When we came home from Nebraska in 1993 things were quiet. As usual there were ministers leaving and some arriving. There was always a District hello for the new, and a cheerio for the ministers leaving the District. The new ones would be welcomed by their Circuits later in September. There was one minor incident which was surprising. John forgot one of the new names and had to pause and search for it! With his reputation of never forgetting a name it was noticed, and he was quite upset about it.
On the following Sunday he got up and when he came back from the bathroom lay down and said. ‘Chris I think I’m having a stroke’. He had a dizzy feeling and his right arm and leg were numb. I said, I’m going to ring a doctor, make you a cup of tea then call David MacDonald (the Deputy Chairman) so that he can get someone to take your service. The doctor was a very nice young woman who said it was a TIA he had had, a mini-stroke, (transient ischemic attack), and she was very reassuring. She would arrange an appointment at the hospital for him. I asked if it could be a private appointment, for which the waiting time might be less. John didn’t really approve of that but I said we needed to know as soon as possible how long he would be off work, if we had to notify the car licence people and stuff like that. It was a very helpful appointment with a consultant whose name I have forgotten. John stayed off work for a few weeks, for the first week in bed till lunch time, not allowed near the phone, few visitors, complete rest, totally under my thumb!
The Aldridge’s son had left school and was applying for jobs and could drive. Maybe he would like to be a chauffeur for a few weeks, we thought? His Dad thought he might, and John was able to start work after a spell of walks and getting his strength back. He had short days and found his chauffeur good company. He didn’t start preaching right away, but before long he was back to the old routine, though no evening work, and the lad ferried him around and was pleased to have a wage. We were very grateful to him.
Anabel and John, Elspeth and Winston came for the weekend following the TIA and we were glad of their support (all pictures in this post were taken on that weekend). Although originally we had thought of staying in the District, John had already said perhaps we should go back to Scotland to have family members near us. We would never have been able to get a house in Elspeth’s area at our price. With encouragement from them all we thought that would be best, so Scotland it was. It was a hard choice to make, although we knew folk there and wouldn’t arrive as strangers. Apart from the pain of leaving the area which had been our home for 38 years it took us further away from Elspeth. We stayed with them many times going down by car for a good number of years, then by train and later by plane. We were there two days after Harriet was born and when Cassie arrived we were there, looking after Harriet. We were so pleased that Elspeth involved us with the girls’ arrivals, and have great joy in these two lovely granddaughters.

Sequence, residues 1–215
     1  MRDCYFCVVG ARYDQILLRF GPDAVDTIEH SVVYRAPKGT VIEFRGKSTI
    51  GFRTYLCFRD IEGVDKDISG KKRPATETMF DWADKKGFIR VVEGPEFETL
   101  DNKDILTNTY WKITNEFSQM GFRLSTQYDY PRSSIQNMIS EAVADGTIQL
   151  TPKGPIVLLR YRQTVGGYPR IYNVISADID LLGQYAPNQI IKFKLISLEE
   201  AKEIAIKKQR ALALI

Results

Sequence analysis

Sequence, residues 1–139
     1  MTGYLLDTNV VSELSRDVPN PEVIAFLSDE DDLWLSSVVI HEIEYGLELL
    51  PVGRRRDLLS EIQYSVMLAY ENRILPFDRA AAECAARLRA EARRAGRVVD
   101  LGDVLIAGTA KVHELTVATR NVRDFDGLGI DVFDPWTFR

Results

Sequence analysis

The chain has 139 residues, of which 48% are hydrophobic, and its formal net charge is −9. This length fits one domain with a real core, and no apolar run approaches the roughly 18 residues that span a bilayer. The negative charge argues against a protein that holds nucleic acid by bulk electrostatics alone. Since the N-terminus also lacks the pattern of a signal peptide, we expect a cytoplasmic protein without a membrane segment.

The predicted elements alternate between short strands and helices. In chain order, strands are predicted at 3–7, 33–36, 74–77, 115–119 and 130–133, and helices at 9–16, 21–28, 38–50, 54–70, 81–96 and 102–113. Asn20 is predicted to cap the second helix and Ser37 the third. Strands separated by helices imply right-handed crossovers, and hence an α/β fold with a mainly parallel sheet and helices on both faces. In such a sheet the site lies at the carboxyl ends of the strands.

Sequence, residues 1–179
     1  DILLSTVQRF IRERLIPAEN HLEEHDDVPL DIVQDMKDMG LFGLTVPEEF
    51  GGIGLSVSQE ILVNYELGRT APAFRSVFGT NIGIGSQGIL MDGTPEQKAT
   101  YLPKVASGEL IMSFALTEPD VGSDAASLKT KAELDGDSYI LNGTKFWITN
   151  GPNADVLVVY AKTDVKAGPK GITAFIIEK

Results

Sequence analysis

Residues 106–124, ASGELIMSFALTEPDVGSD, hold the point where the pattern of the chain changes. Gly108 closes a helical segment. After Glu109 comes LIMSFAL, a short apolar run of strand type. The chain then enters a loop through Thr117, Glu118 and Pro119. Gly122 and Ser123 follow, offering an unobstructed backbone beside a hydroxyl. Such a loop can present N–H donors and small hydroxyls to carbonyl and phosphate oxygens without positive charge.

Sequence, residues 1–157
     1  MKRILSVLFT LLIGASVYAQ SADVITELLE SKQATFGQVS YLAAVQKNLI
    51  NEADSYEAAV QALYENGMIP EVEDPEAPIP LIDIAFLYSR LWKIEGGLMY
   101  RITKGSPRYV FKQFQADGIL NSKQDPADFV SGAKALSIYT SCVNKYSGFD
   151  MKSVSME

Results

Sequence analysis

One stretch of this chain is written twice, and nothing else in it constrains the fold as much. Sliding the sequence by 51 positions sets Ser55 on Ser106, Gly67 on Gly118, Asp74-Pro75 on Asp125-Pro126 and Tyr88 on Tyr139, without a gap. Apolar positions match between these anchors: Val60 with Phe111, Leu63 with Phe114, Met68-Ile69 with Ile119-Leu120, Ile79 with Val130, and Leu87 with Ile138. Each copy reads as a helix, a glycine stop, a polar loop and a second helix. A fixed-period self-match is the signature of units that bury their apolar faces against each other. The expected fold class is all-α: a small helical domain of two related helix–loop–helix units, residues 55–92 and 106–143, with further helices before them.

We didn’t want to live in a city, so Glasgow was out. Greenock would be a long drive for Anabel and John, so we thought about Paisley. We knew our way around there and there were houses being built. Son-in-law John knew a young couple who were members at Paisley Methodist Church so he attended there one Sunday and thought we’d could fit in! They both spent time looking at new housing estates and found a suitable site in Paisley though, because we chose a model of house that hadn’t been completed there yet, Anabel had to take us to Baillieston to see one. This was all happening while we were still in Newcastle and we came up for short periods to see the houses then later, once the Paisley estate started, we came up to choose our plot. We looked forward to having a home no one else had lived in!
There was a helpful young lady present at the Show House, and we were to have the corner house. However next time we came, when they were partly built, we had been allocated the other half of the house. The young lady pointed out that the end house would be responsible for a piece of land outside their wall. Small was our aim as far as gardens went, and the new plot gave us a view of Gleniffer Braes so we were happy to change! The Housing Society approved the house, though it was priced at several thousand pounds more than their limit, a sum which John and I didn’t have then. John Marsh covered the deficit and my hope is that house prices will have risen by the time I leave the house and John gets a good benefit for his generosity. He has also saved the Society a mint by doing lots of jobs around the house, as he can do just about everything.
Time moved on and before we knew it summer 1994 was upon us and we were packing all our belongings. Our suite was too big so we gave it away, but my only real regret was having to leave my tumbler drier for our successors, who were delighted. There was nowhere to put it in the new kitchen. I missed my utility room which had the boiler and all the large household items leaving the kitchen to be our breakfast room. I mourned the dryer for a bit but soon got used to a new routine!